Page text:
The high serum estradiol (E2) concentrations induced during in vitro fertilization are detrimental to endometrial receptivity and may result in lower embryo implantation rates. We have previously found that high E2 concentrations inhibit the activation of nuclear factor kappa B (NF-κB), leading to endometrial epithelial cell (EEC) apoptosis. The objective of this study is to investigate the signaling pathways through which high E2 results in NF-κB downregulation in EECs. Isolated human EECs were cultured in different concentrations of E2 (10−10, 10−9, 10−8, 10−7 M). The expression of heat shock protein 70 (Hsp70) and heat shock factor 1 (HSF-1) were upregulated under supraphysiological E2 (10−7 M) concentration, whereas phosphorylated inhibitory kappa B-alpha (pI κB-α) and NF-κB p65 subunits were downregulated. Immunohistochemistry of C57BL/6 mouse EECs that were exposed in vivo to high serum E2 from the administration of 20 IU of equine chorionic gonadotropin also demonstrated the same increase in HSF-1 and Hsp70 expression and a decrease in NF-κB. Immunoprecipitation of the induced Hsp70 proteins was achieved with the addition of inhibitory κB kinase gamma (IKK-γ) antibodies, and elimination of this reaction occurred after addition of hsp70 siRNA. In conclusion, high E2 concentrations enhance HSF-1 and Hsp70 expression in EECs. The induced Hsp70 forms a complex with IKK-γ and inhibits pI κB-α, which consequently suppresses NF-κB activation.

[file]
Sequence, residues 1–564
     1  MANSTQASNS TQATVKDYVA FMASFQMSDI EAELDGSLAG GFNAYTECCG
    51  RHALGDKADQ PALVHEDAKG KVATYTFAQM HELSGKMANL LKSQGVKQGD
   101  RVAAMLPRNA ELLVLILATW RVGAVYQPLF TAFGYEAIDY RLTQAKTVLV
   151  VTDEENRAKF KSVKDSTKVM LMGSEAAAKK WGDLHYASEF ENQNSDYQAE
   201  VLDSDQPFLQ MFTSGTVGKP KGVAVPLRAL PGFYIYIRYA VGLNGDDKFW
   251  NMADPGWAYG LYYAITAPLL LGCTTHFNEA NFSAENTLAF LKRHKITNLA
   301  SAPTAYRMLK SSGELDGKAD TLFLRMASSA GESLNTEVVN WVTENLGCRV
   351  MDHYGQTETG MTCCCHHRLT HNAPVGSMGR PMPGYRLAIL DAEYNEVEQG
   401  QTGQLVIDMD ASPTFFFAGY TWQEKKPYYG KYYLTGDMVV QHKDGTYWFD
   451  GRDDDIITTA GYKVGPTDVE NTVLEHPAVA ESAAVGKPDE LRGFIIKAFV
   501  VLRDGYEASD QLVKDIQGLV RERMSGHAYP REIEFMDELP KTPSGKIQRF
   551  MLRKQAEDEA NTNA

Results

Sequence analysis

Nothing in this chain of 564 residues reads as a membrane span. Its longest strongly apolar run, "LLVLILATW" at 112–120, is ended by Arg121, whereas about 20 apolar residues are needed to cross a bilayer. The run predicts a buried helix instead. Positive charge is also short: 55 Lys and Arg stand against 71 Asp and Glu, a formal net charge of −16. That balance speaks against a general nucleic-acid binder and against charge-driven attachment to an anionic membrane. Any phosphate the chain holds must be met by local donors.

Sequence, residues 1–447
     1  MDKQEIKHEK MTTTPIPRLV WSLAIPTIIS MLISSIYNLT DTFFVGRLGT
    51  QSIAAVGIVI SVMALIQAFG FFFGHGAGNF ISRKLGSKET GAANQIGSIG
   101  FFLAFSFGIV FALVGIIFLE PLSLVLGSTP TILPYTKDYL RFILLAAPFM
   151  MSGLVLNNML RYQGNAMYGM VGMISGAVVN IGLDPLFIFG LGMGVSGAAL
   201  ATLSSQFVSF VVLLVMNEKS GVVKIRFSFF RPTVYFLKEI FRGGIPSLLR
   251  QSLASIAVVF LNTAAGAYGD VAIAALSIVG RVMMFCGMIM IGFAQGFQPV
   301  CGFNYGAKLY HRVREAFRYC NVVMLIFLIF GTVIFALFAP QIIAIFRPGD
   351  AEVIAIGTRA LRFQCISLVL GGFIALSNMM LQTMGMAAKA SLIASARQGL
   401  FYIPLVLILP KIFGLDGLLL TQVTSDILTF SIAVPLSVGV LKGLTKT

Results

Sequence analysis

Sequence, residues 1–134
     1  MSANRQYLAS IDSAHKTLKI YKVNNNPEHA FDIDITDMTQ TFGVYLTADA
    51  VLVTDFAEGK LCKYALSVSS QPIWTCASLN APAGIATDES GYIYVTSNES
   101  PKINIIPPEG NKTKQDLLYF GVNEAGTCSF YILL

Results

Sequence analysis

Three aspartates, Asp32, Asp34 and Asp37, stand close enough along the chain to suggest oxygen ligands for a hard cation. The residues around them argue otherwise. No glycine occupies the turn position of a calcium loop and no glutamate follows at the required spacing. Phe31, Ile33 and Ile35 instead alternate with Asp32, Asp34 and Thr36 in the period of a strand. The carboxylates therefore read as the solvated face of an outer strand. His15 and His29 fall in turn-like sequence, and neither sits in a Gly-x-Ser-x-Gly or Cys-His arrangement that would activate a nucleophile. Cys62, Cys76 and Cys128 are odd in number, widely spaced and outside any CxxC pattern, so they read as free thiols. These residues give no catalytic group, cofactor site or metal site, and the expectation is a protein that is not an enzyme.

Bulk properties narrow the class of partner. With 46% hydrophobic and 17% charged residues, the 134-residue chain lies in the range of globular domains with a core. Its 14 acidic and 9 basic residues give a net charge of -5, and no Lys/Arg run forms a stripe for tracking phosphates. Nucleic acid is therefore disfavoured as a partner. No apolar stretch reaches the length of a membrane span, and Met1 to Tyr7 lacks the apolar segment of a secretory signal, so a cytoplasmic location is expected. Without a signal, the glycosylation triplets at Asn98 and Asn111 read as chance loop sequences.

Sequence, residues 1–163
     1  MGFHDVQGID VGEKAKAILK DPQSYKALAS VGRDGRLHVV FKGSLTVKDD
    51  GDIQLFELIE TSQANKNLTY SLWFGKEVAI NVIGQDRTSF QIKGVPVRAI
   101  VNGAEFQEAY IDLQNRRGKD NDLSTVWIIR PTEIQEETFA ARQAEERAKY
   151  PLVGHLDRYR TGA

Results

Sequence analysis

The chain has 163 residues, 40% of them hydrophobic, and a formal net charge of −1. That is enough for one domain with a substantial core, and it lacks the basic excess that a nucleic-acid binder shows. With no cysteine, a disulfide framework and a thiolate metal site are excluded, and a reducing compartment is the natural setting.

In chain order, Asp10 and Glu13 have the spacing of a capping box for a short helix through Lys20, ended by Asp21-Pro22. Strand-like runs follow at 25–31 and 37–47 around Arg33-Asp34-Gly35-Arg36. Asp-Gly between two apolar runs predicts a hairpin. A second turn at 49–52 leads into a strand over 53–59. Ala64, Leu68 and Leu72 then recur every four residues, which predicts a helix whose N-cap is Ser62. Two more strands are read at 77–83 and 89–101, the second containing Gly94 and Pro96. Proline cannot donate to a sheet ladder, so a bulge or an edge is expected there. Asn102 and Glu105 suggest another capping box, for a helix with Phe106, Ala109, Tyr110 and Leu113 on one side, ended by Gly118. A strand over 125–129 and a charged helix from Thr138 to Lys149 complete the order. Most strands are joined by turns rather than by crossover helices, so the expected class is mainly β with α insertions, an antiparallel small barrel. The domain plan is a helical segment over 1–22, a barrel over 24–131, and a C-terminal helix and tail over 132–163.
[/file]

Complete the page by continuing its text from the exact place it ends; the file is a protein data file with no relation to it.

You have requested a machine translation of selected content from our databases. This functionality is provided solely for your convenience and is in no way intended to replace human translation. Neither BioOne nor the owners and publishers of the content make, and they explicitly disclaim, any express or implied representations or warranties of any kind, including, without limitation, representations and warranties as to the functionality of the translation feature or the accuracy or completeness of the translations.
Translations are not retained in our system. Your use of this feature and the translations is subject to all use restrictions contained in the Terms and Conditions of Use of the BioOne website.
Vol. 95 • No. 4